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Interventional Cardiology

The Interventional Cardiology Program at UI Health provides leading-edge diagnostic tests and nonsurgical interventional treatments for patients with cardiovascular diseases, including congenital heart disease, coronary heart disease, heart valve disease, and peripheral artery disease. Our program is led by a multidisciplinary team of specialists from cardiovascular anesthesiology and radiology, endovascular surgery, cardiac surgery, and vascular surgery.

Our team is internationally recognized for our vast expertise in the following complex procedures, including:

  • Aortic and mitral balloon valvuloplasty
  • Coronary artery bypass graft (CABG)
  • Left main stenting for unprotected left main coronary artery disease
  • Percutaneous coronary intervention for chronic total occlusion
  • Rotational atherectomy

Some patients may not require surgery and instead can benefit from a combination of medication and diet and lifestyle changes. Our team will discuss your options with you and design a specific treatment plan for you.

Transcatheter Aortic Valve Replacement (TAVR)

Transcatheter aortic valve replacement (TAVR) is a minimally invasive procedure that repairs the aortic valve. TAVR is significant for two reasons: It does not require open surgery, and it does not require removal of the damaged heart valve.

Using a catheter, the interventional cardiologist sends the replacement valve to the original valve, where it expands, pushing away the valve leaflets and taking over the job of regulating blood flow. TAVR provides a safer option to patients for whom traditional open valve-replacement surgery may not be recommended, including high-risk heart patients and elderly patients with additional medical conditions.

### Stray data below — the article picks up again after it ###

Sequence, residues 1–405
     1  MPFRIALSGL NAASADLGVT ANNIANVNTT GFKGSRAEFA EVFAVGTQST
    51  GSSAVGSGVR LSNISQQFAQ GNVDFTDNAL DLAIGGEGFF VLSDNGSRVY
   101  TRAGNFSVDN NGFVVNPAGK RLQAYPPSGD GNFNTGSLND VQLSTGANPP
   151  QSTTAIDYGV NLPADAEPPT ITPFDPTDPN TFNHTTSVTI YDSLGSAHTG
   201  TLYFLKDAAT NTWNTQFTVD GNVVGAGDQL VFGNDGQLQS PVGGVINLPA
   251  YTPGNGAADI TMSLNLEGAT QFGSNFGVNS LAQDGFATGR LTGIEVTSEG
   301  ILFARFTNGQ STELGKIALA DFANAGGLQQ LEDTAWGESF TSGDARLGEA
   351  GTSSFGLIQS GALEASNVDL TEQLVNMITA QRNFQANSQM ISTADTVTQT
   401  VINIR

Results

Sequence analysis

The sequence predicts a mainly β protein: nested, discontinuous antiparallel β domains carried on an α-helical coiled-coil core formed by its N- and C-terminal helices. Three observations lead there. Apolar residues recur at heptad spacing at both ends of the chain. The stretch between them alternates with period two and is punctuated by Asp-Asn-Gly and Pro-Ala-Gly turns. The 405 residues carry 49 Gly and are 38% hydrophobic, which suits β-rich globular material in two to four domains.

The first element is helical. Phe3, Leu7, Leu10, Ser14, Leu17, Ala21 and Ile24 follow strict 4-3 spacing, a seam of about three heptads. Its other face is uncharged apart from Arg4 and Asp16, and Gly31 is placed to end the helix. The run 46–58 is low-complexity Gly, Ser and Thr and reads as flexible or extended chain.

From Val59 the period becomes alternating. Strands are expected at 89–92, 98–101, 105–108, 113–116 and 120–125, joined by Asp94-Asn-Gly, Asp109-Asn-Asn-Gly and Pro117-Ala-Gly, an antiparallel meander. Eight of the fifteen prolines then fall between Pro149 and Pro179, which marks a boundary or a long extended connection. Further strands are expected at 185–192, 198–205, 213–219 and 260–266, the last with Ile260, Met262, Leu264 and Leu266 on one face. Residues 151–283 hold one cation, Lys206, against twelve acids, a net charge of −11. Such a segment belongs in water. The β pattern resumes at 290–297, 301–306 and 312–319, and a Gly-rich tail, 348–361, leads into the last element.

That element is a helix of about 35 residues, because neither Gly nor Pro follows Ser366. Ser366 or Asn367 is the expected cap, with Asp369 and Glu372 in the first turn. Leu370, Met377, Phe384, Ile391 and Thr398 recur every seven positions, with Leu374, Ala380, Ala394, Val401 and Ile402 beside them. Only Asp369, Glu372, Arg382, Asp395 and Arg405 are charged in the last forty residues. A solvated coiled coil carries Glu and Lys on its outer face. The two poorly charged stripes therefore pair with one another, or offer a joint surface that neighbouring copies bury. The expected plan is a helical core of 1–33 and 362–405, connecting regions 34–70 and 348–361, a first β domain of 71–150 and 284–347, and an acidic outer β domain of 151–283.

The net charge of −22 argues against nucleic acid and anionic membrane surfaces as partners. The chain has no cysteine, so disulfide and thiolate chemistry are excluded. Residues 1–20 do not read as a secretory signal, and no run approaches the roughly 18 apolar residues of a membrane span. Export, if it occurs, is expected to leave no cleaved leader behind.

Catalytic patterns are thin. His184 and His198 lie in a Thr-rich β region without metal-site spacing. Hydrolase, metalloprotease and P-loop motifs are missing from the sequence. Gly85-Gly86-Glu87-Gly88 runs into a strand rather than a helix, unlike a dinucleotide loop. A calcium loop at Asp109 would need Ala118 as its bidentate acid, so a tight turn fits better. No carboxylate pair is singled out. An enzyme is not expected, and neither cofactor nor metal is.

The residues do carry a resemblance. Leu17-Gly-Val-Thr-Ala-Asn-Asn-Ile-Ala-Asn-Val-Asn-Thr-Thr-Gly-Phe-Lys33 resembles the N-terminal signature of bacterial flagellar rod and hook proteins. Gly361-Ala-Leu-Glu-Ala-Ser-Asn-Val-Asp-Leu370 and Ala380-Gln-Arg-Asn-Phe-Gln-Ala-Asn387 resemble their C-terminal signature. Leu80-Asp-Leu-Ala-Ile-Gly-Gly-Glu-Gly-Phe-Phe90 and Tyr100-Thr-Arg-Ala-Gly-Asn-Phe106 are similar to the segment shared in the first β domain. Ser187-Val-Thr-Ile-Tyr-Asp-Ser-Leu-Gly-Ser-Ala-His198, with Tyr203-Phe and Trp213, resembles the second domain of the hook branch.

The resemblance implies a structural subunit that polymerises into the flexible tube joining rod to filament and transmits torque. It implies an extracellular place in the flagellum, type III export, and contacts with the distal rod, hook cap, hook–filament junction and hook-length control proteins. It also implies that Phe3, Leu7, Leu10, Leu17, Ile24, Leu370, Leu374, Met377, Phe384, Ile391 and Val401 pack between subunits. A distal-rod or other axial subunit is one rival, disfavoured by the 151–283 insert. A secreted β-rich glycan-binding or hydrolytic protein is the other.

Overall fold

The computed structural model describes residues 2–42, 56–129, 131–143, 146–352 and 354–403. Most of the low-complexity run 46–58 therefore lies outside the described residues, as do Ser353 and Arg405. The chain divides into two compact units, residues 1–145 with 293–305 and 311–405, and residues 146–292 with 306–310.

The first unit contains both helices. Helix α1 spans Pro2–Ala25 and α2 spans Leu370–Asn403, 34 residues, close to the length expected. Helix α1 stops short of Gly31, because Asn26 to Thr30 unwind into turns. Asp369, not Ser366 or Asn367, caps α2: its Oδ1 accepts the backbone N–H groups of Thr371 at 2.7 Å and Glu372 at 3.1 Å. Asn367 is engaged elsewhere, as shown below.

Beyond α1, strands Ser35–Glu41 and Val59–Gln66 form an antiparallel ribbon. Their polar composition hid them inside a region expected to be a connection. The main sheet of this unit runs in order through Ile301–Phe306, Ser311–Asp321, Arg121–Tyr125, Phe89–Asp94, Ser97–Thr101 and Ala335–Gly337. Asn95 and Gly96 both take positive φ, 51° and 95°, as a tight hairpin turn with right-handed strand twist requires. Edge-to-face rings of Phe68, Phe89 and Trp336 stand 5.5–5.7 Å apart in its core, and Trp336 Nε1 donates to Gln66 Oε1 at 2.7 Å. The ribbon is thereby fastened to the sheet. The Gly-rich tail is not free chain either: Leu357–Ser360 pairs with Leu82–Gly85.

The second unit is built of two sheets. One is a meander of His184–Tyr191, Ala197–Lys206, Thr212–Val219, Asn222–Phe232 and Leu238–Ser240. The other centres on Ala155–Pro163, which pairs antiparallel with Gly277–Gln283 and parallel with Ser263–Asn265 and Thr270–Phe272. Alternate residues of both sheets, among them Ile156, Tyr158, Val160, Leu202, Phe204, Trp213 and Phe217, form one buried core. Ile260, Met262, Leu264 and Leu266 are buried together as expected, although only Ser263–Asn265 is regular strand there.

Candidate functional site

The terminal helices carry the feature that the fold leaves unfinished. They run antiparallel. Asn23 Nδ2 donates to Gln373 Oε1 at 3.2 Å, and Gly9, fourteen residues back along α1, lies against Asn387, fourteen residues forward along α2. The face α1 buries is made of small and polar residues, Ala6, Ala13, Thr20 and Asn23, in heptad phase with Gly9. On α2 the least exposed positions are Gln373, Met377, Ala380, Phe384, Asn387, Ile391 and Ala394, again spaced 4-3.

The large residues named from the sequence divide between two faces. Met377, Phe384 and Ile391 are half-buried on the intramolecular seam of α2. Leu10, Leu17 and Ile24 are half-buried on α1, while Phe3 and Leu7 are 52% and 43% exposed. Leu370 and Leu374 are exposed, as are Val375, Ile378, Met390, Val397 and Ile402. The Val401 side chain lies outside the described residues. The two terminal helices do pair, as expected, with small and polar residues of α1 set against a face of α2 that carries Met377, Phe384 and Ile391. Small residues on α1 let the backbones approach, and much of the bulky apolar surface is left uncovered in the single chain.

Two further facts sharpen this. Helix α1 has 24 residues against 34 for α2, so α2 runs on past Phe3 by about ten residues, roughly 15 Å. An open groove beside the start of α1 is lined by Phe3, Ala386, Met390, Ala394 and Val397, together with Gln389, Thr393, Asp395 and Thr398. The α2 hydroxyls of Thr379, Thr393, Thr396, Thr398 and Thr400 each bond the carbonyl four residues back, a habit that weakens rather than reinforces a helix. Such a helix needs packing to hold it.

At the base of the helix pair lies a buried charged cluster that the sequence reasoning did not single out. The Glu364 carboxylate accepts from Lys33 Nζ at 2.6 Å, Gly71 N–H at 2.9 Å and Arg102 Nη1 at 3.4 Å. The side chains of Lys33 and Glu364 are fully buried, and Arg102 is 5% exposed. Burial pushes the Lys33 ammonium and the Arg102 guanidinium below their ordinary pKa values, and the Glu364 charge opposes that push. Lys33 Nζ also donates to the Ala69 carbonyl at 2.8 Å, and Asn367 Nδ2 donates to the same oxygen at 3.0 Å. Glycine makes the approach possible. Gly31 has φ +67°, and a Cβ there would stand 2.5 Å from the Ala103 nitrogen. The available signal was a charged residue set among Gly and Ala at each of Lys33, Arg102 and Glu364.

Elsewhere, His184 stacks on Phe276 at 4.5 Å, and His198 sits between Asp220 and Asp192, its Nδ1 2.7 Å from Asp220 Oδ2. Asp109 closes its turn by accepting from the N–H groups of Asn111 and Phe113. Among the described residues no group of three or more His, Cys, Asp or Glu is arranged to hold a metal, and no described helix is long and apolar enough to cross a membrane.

TAVR has been shown to have excellent patient outcomes, both in safety and in cardiac rate (blood flow).

Angioplasty and Stenting            

Angioplasty is a procedure for opening narrowed or blocked blood vessels that supply blood to the heart. It involves temporarily inserting and inflating a tiny balloon to help widen the artery.

Angioplasty is often combined with the permanent placement of a small metal wire mesh tube called a stent to help keep the artery open and decrease its chance of narrowing again.

Angioplasty may be performed to treat:

  • Blockage in a coronary artery during or after a heart attack
  • Blockage or narrowing of coronary arteries that put you at risk for a heart attack
  • Artery narrowing that reduces blood flow and causes persistent chest pain (angina) that cannot be controlled with medication

For most people, angioplasty can greatly improve the blood flow through the coronary artery and the heart. Not every blockage can be treated with angioplasty, however, and a patient who has several blockages or blockages in certain locations may need a coronary bypass surgery.